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The Lancet retracts hydroxychloroquine study following data concerns

Flawed data influenced COVID-19 policies
WATCH: The Lancet, the respected medical journal, is now retracting the key study that cast doubt on the safety of hydroxychloroquine. The anti-malaria drug is being researched as a potential treatment for COVID-19. Heather Yourex-West explains the dispute over some flawed data, and the pitfalls of rushing research.

One of the world’s most prestigious medical journals, The Lancet, has retracted an influential COVID-19 research paper after three of the paper’s authors said the patient data used for the study could not be independently verified.

The paper, published on May 22, sparked worldwide concern that using the anti-malarial drug hydroxychloroquine on COVID-19 patients may not be safe.

READ MORE: Hydroxychloroquine doesn’t prevent COVID-19 in people exposed to the virus, study finds

“After publication of our Lancet article, several concerns were raised with respect to the veracity of the data and analysis conducted by Surgisphere Corporation and its founder and our co-author, Sapan Desai, in our publication,” authors Mandeep Mehra, Frank Ruschitzka and Amit Patel said in a statement published by The Lancet, Thursday.

“Our independent peer reviewers informed us that Surgisphere would not transfer the full dataset, client contracts, and the full ISO audit report to their servers for analysis as such transfer would violate client agreements and confidentiality requirements.

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“As such, our reviewers were not able to conduct an independent and private peer review and therefore notified us of their withdrawal from the peer-review process.

“We deeply apologise to you, the editors, and the journal readership for any embarrassment or inconvenience that this may have caused.”

The observational study had found that after reviewing 96,000 COVID-19 patients across six continents, those treated with hydroxychloroquine had a higher risk of heart arrhythmia and death.

“It caused people to stop what they’re doing (and) delay the high quality science in order to sort out whether this initial paper was accurate or inaccurate” said Derek Exner, Associate Dean of Clinical Trials at the University of Calgary Cummings School of Medicine.

READ MORE: Medical journal questioning findings of hydroxychloroquine coronavirus study

The World Health Organization immediately suspended the hydroxycholoroquine arm of its international Solidarity trial pending a safety review.

On Wednesday, WHO Director-General Dr. Tedros Adhanom Ghebreyesus announced that review was complete and that trial would be able to resume.

“The Data Safety and Monitoring Committee of the solidarity trial has been reviewing the data. On the basis of the available mortality data, the members of the committee recommended that there are no reasons to modify the trial protocol,” he said.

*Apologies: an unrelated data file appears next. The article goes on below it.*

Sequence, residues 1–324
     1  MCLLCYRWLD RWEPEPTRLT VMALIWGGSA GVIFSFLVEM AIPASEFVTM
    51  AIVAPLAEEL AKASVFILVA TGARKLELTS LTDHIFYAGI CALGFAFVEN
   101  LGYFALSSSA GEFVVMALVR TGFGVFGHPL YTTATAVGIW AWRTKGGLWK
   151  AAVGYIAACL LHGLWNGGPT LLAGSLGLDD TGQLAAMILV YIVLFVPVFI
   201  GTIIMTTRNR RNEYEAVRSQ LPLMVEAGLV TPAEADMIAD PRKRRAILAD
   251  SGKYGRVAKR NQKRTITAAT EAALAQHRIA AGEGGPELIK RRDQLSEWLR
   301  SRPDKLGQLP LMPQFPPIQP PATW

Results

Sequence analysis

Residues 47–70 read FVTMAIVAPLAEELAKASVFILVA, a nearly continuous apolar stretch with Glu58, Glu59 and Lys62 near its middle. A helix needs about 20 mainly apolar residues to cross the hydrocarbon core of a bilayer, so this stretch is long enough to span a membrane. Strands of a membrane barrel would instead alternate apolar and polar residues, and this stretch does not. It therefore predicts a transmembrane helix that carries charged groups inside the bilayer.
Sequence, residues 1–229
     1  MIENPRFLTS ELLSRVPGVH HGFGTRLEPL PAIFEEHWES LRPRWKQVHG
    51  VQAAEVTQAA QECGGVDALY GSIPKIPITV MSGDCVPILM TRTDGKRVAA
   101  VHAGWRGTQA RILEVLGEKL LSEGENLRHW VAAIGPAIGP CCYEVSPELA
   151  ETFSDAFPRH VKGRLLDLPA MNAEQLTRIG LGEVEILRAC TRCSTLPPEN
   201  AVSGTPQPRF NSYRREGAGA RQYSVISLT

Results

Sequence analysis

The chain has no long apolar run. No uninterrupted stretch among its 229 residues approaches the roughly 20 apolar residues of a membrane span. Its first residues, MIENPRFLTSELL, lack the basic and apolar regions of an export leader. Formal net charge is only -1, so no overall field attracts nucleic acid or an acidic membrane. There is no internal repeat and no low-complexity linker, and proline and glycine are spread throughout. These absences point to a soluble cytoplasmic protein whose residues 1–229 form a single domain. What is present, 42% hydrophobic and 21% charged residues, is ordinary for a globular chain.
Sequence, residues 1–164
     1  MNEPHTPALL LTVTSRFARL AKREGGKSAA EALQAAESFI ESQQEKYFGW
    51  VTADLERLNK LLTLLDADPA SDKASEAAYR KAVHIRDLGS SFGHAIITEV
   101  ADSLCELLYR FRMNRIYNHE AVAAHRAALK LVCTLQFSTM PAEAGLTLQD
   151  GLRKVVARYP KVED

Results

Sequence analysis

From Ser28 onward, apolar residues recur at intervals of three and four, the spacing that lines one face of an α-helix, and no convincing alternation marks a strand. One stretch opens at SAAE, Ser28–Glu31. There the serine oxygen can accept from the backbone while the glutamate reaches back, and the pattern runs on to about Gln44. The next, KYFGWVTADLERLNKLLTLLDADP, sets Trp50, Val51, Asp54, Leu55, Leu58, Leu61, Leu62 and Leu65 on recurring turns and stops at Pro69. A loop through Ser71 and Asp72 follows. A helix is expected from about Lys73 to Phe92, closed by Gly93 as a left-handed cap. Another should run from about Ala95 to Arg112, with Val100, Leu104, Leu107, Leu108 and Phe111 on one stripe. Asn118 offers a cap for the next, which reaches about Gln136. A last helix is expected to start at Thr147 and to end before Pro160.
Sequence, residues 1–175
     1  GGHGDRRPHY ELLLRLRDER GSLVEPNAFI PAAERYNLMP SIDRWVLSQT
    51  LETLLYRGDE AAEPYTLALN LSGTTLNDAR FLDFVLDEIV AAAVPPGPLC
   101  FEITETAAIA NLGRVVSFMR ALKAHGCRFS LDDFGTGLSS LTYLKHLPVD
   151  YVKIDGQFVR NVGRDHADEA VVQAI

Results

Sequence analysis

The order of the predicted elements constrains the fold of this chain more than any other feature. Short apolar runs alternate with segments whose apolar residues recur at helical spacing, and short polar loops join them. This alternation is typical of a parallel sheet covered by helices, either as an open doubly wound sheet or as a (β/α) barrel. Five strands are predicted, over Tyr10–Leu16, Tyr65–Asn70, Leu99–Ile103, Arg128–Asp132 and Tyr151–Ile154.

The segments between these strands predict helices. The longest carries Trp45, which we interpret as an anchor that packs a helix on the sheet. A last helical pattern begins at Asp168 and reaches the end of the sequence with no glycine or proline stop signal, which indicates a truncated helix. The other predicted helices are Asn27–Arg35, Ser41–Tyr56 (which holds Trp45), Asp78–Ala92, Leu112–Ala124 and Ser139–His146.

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“The executive group received this recommendation and endorsed the continuation of all arms of solidarity trial, including hydroxychloroquine.”

Enrollment for The Alberta HOPE COVID-19 trial at the University of Calgary was suspended following The Lancet study publication as well.

READ MORE: Alberta’s hydroxychloroquine study cleared to resume, but remains on pause

“Our safety committee has reviewed everything and said that look, the trial looks totally safe and there’s no major adverse affects with hydroxychloroquine,” said Dr. Michael Hill, the trial’s co-lead.

WHO halts hydroxychloroquine clinical trials
WHO halts hydroxychloroquine clinical trials

Still, the delay has been costly for the project.

In the nearly two weeks since the Alberta research was suspended, COVID-19 cases in that province have dropped.  A spokesperson for Alberta Health says the trial might not resume at all.

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“We understand the trial will remain on hold for the next 10 days while the researchers determine whether to suspend for the summer pending (a) fall recurrence of cases or close the trial formally with a plan for data pooling with international collaborators,” said Tom McMillan in an email to Global News.

The coronavirus pandemic has put pressure on scientists to work faster than ever before, but some researchers worry if the cost of speedy science may be too high.

“Of course this pandemic is unfolding at a very rapid pace and the rate of new knowledge is unprecedented and the rate of data sharing is also unprecedented,” said Dr. Isaac Bogoch, an infectious diseases physician at the University of Toronto.

“But it’s also important that you get it right and there’s clearly got to be a balance of speed with accuracy. You can’t compromise accuracy.

“(That would) erode public trust in science, in medicine and in public health and this is time more than ever before where we need public trust in science, medicine and in public health.”